Southeastern Seminary (3): A Curriculum Marked by Five Core Competencies

[Note: This blogpost is the third installment in a five-part series which articulates and expounds Southeastern Baptist Theological Seminary’s mission to be a Great Commission seminary.]

In light of their desire to facilitate a learning environment consistent with the seminary’s Great Commission vision, the Southeastern faculty and administration have identified five core competencies which undergird its curricula: spiritual formation, biblical exposition, theological integration, ministry preparation, and critical thinking and communication.

1. Spiritual Formation: Students are provided with the knowledge and skills necessary to pursue an authentically Christian way of life, manifested by trust in God, obedience to Christ’s commands, and love of God and neighbor. An Old Testament course, for example, teaches syntax and exegesis not as an end in itself, but as a means of increasing one’s affection for God, one’s desire to worship and obey him, and one’s determination to share the gospel with one’s neighbor. The proper end of any seminary course is not merely sciential (oriented to conceptual knowledge), but sapiential (oriented to wise living).

Let every Student be plainly instructed, and earnestly pressed, to consider well [that] the maine end of his life and studies is to know God and Jesus Christ which is eternall life, Jn 17:3, and therefore to lay Christ in the bottome, as the only foundation of all sound knowledge and Learning. –Founders of Harvard College (1643)

2. Biblical Exposition: Students are taught to interpret, apply, and communicate the Scriptures, and to do so appropriately and effectively. Each of the courses in the seminary’s curriculum is shaped in some manner by Christian Scripture, and therefore each course is a rich environment for biblical reflection. An evangelism course, for example, equips students to rightly interpret the biblical teaching concerning the gospel so that they can communicate it in personal conversations or public speaking opportunities.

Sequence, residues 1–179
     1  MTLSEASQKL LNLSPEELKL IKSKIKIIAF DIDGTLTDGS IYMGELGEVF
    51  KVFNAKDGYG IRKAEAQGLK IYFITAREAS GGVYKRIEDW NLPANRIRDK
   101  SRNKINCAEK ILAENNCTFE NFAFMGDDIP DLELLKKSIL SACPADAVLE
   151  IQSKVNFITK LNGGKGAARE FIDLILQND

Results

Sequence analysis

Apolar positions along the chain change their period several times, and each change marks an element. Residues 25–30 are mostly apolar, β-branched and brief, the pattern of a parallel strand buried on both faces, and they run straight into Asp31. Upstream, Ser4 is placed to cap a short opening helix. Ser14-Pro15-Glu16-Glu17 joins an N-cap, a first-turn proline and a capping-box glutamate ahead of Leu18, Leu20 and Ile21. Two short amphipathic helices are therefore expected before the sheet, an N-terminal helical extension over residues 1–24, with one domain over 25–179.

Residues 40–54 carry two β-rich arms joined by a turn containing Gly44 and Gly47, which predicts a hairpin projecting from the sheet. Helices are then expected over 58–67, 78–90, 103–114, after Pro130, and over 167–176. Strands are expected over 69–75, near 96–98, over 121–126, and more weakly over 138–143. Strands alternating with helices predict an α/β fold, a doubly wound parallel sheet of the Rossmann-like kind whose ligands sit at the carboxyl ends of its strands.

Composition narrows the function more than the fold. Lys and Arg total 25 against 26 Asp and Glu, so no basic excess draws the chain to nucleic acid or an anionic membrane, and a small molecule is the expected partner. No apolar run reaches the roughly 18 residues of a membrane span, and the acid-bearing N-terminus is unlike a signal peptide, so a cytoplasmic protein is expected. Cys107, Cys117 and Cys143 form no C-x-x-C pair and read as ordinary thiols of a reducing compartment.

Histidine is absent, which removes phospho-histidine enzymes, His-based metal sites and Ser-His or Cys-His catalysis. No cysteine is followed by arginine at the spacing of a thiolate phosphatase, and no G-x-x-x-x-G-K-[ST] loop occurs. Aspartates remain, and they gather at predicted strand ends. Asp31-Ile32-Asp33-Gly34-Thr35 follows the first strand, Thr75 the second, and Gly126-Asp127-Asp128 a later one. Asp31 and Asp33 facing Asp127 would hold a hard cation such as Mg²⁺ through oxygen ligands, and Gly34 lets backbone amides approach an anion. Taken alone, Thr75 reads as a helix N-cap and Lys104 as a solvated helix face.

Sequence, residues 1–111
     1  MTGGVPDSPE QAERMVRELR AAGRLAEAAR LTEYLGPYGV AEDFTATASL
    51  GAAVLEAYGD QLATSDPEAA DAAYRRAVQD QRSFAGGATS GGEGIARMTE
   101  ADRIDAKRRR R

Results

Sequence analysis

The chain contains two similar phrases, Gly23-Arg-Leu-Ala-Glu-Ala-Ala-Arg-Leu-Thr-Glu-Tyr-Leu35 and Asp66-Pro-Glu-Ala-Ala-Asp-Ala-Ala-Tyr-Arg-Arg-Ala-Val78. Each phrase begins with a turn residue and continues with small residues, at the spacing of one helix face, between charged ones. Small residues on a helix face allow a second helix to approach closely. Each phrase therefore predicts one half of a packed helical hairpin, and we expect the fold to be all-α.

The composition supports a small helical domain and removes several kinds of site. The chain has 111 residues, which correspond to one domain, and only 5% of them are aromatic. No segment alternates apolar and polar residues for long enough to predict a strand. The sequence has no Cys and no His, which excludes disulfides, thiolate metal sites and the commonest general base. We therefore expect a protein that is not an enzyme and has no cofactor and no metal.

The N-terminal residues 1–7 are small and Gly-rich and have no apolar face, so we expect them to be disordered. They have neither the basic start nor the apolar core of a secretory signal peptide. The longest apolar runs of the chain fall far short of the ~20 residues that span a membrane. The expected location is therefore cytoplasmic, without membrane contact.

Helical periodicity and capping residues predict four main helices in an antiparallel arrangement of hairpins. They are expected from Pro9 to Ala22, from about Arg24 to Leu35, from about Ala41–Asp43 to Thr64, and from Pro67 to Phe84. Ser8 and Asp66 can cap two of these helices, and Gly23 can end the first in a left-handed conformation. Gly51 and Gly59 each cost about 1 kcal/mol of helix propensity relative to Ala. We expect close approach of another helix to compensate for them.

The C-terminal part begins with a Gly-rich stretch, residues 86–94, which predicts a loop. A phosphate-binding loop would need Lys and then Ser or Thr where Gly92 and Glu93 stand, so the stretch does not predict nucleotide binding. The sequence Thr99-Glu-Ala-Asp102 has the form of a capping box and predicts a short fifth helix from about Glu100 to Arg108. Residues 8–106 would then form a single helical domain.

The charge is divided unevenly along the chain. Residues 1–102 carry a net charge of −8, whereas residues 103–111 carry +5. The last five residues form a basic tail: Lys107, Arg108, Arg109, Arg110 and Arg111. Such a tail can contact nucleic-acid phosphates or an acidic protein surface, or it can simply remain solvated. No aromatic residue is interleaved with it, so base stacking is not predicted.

But everyone, indeed, knows that at times they [the Fathers] have erred as men will; therefore, I am ready to trust them only when they prove their opinions from Scripture, which has never erred. –Martin Luther

3. Theological Integration: Students learn to understand and apply the doctrines of Christianity to life and ministry. A seminary is by design an integrative institution. Reality is a coherent whole, so each discipline is integrally related to all others. Although a healthy approach to specialization can yield rich and deep insights within a particular field of study, unhealthy approaches tend to seal themselves off hermetically from other disciplines, thereby distorting and fragmenting a body of knowledge which should be unified and coherent. A seminary course in church planting, for example, might draw upon an exegesis of the book of Acts, a systematic treatment of the doctrine of the church, a historical overview of church planting methods, and an anthropological assessment of challenges for cross-cultural communicators.